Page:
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The long and the short and the tall of it…

What a lovely find in Oxfam today. The book that was, as far as I’m aware, the first play I ever read: Willis Hall’s The Long and the Short and the Tall. A play in two acts, set in the Malayan jungle in early 1942, about a British patrol cut off by the Japanese advance on Singapore.

Now, I remember very little about senior school, and even less about the time I spent in classes going by the name of English Literature, which, was made clear, I was very fortunate to be allowed to study until I believe I was booted out due to lack of interest, no ability, and generally because I giggled a lot and distracted my class mates. Aside from; we listened to endless audio versions of Shakey’s Twelfth Night until we could bear it no more, and read Laurie Lee’s Cider With Rosie, Barry Hines’ A Kestrel for a Knave and, before all that, Willis Hall’s play.

It all came back to me about the latter as I thumbed through this stumbled upon copy. We read it out loud over several lessons. And I read the part of Private Evans because, quite unexpectedly, I discovered, probably whilst inhaling solvents, that I could do a brilliant Welsh accent. The version I picked up today looks alarmingly familiar. Only, it wasn’t from Riley High, where I fucked about trying to avoid participating in learning for three years, but from posh Wolfreton up the road. We could have had those Wolfreton kids. Poncy officer class, that lot.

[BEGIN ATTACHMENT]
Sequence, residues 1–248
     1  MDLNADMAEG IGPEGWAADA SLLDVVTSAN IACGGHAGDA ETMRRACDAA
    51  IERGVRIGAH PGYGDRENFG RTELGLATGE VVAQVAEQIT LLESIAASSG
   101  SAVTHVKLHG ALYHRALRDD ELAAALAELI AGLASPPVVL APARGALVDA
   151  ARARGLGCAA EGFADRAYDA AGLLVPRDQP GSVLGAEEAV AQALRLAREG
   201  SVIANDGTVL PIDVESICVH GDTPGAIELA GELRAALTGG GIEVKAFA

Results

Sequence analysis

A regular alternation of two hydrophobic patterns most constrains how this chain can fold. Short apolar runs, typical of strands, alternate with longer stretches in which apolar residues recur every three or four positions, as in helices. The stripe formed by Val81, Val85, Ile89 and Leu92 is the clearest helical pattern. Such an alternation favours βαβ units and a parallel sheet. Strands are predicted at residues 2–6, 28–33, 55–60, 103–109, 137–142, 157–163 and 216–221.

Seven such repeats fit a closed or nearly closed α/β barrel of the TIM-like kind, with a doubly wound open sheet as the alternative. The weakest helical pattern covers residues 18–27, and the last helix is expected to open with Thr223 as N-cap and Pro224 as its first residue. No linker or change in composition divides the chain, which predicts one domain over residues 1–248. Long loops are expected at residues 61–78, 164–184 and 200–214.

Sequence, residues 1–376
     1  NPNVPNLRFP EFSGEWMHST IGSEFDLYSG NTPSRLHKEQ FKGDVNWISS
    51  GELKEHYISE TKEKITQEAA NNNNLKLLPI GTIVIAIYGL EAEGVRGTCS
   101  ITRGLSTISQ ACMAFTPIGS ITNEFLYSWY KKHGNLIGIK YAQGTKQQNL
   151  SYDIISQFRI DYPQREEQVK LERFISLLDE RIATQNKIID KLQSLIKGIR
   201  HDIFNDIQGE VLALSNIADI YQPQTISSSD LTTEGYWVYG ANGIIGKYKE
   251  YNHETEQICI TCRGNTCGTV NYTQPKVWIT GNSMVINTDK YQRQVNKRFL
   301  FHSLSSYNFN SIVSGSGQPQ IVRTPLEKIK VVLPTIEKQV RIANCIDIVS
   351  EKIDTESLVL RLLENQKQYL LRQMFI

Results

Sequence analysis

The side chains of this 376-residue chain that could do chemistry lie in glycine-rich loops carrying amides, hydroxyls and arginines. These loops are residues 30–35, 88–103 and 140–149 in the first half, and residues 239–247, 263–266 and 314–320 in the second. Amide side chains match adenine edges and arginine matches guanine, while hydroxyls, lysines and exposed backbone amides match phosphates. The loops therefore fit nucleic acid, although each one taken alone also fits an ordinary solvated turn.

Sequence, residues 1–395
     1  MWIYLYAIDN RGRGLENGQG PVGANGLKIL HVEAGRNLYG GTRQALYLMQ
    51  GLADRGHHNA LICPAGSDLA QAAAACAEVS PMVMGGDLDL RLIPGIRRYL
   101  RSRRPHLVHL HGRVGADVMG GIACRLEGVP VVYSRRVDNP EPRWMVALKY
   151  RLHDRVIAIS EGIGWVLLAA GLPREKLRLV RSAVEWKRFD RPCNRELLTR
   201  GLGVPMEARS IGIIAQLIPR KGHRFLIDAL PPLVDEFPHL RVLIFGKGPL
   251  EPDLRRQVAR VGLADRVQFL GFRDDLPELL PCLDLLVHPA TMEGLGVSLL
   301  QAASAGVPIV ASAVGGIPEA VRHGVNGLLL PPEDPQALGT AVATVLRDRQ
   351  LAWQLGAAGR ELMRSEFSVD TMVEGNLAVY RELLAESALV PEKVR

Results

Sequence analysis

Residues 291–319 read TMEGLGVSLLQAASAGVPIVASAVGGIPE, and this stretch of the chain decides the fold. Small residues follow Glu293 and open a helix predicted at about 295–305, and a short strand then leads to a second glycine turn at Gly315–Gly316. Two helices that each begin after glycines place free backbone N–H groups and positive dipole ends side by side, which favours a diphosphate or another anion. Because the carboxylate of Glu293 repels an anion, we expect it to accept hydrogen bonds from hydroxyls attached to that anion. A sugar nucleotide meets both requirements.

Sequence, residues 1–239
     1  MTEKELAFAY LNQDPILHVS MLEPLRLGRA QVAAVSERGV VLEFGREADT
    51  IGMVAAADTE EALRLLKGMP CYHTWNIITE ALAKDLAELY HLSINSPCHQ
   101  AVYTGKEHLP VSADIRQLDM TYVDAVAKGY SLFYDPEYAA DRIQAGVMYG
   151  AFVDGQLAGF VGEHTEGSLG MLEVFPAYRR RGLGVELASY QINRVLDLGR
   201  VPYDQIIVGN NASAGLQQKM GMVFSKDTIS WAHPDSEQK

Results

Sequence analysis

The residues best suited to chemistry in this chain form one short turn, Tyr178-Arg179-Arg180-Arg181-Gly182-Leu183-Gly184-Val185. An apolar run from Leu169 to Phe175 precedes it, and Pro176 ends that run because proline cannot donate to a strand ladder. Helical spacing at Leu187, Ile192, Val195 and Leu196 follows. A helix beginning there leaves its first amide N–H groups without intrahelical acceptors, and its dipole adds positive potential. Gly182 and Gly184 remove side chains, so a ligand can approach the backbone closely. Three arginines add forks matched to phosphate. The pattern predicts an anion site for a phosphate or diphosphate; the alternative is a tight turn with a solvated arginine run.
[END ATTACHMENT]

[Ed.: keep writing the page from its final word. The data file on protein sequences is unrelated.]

Anyway, feels like I’ve been reunited with an old friend. And while I still feel aggrieved at the way Percy Percival made English Lit the dullest subject that it quite plainly isn’t, stamping on it, kicking the life out of it, grinding it into the ground, in retrospect its left its mark on me, and not all of those marks traumatic, scratchy, painful ones. I’ve scanned the pages tonight. And I remember it all like it was…. oh my god, it can’t be that long ago, surely. 99p well spent.

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